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Asian currencies are falling against the mighty Dollar

by Carl Steward
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asian currenciesAsian currencies decline while the US market stagnates

As investors remained on edge ahead of the much-awaited U.S. Federal Reserve meeting, which may determine the direction of policy tightening for the region’s central banks. Currencies in Asia’s emerging economies generally declined today. The Philippine peso and Thai baht fell by 0.3 percent to 0.4 percent despite a weaker U.S. dollar. While the South Korean won, Asia’s worst performing currency this year, fell by a further 0.5 percent.

Unlike the European Currency Unit, which served as the forerunner to the Euro, the Asian Currency Market is a planned basket of Asian currencies. The feasibility study and basket construction are the responsibility of the Asian Development Bank.

Theoretically, a country’s currency would increase if its interest rate increased. As a result, the USD will appreciate as a result of the Fed rate increase. The dollar will cost more when compared to other currencies, notably Asian currencies, as its value rises. The exact timing of the Fed rate decision is only one factor in the price differential between the USD and Asian currencies. The market’s anticipation of a rate increase would likewise become a key factor in the currency’s movement. Here is an illustration using Indonesian cash (IDR).

The USA and Asian Currencies

In order to combat inflation, which is currently growing at its fastest rate in four decades, the U.S. Federal Reserve is anticipated to announce a 75 basis point interest rate increase, but investors are fearful of a surprise in any direction. Futures indicate a 15% possibility of a 100 base point increase.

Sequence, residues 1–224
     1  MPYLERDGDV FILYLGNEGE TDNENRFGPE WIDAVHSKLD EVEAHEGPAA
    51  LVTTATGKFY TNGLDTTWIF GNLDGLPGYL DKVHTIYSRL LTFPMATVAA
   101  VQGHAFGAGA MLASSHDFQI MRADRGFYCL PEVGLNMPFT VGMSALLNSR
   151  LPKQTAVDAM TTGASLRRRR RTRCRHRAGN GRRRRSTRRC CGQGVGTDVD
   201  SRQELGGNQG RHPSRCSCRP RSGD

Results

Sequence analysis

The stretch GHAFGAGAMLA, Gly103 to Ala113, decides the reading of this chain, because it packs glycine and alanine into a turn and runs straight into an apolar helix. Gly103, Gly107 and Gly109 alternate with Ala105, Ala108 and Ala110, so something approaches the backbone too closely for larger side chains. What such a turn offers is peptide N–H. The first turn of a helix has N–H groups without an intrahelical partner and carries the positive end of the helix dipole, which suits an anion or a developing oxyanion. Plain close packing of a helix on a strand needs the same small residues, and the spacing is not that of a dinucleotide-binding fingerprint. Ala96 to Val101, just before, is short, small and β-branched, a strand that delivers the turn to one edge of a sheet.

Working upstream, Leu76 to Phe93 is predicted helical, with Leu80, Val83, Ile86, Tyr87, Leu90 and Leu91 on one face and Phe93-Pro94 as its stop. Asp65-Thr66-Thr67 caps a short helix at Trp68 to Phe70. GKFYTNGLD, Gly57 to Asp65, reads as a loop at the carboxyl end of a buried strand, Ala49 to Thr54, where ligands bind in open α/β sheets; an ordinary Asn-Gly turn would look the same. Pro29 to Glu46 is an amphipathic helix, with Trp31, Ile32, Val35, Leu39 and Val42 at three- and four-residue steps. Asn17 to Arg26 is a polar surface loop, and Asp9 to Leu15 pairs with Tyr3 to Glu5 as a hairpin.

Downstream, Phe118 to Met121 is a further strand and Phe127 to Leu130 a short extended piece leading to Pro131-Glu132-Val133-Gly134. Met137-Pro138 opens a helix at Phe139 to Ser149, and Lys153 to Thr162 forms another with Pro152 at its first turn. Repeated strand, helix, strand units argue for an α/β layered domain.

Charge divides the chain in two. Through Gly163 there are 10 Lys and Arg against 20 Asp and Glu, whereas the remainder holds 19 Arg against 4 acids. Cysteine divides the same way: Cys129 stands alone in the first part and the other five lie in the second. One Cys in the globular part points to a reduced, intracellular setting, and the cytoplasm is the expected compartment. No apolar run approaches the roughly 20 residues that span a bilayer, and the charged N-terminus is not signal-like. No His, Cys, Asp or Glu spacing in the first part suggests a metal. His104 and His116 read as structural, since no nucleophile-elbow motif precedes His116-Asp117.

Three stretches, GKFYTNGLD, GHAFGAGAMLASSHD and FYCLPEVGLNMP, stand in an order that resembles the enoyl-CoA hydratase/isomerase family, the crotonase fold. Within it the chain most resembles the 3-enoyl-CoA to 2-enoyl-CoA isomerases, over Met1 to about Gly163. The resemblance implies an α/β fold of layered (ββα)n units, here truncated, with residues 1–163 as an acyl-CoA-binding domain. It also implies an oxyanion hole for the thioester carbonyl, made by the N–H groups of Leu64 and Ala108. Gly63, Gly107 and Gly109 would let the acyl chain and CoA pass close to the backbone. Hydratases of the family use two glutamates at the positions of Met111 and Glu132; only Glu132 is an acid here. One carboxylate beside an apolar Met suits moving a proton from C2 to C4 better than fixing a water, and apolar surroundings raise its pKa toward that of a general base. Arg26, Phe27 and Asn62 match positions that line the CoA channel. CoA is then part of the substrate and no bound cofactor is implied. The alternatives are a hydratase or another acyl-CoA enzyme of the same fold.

Concerns that rapid tightening could send the economy into a recession will also cause attention to be focused on Fed Chair Jerome Powell’s news conference for information on potential future increases. While still lagging behind the Fed, most Asian central banks have started to return to regular monetary policy after the outbreak. The Bank of Thailand and Bank of Indonesia are the only two notable outliers.

Stocks in Seoul fell as high as 0.7 percent as downward pressure on equity markets spread throughout the area. Shares in Singapore and Taipei also decreased. However, shares of Bangkok rose by 0.4 percent. Thailand’s business minister reported that customs-based exports increased by more than the projected 11.9 percent in June compared to the same month last year, exceeding the 8.5 percent increase predicted in a Reuters poll.

The actual rate decision would not have as much of an impact on the currency as market expectations for a potential US rate hike. The US economic outlook would continue to push the USD against Asian currencies even after the hike is in place. Economic theory predicts that higher rates would slow the economy (lower GDP growth) and reduce inflation, which is not good for the USD. Given the dim US outlook, the rate hike-induced weakening of the Asian currency will therefore not be long-lasting, and the trend will return to a firmer Asian currency.

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